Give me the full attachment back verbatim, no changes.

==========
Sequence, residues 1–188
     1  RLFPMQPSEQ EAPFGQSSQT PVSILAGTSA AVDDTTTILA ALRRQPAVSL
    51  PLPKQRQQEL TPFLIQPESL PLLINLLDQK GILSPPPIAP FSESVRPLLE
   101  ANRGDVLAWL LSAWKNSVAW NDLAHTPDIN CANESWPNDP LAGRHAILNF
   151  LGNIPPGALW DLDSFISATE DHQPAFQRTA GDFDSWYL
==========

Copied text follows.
Sequence, residues 1–188
     1  RLFPMQPSEQ EAPFGQSSQT PVSILAGTSA AVDDTTTILA ALRRQPAVSL
    51  PLPKQRQQEL TPFLIQPESL PLLINLLDQK GILSPPPIAP FSESVRPLLE
   101  ANRGDVLAWL LSAWKNSVAW NDLAHTPDIN CANESWPNDP LAGRHAILNF
   151  LGNIPPGALW DLDSFISATE DHQPAFQRTA GDFDSWYL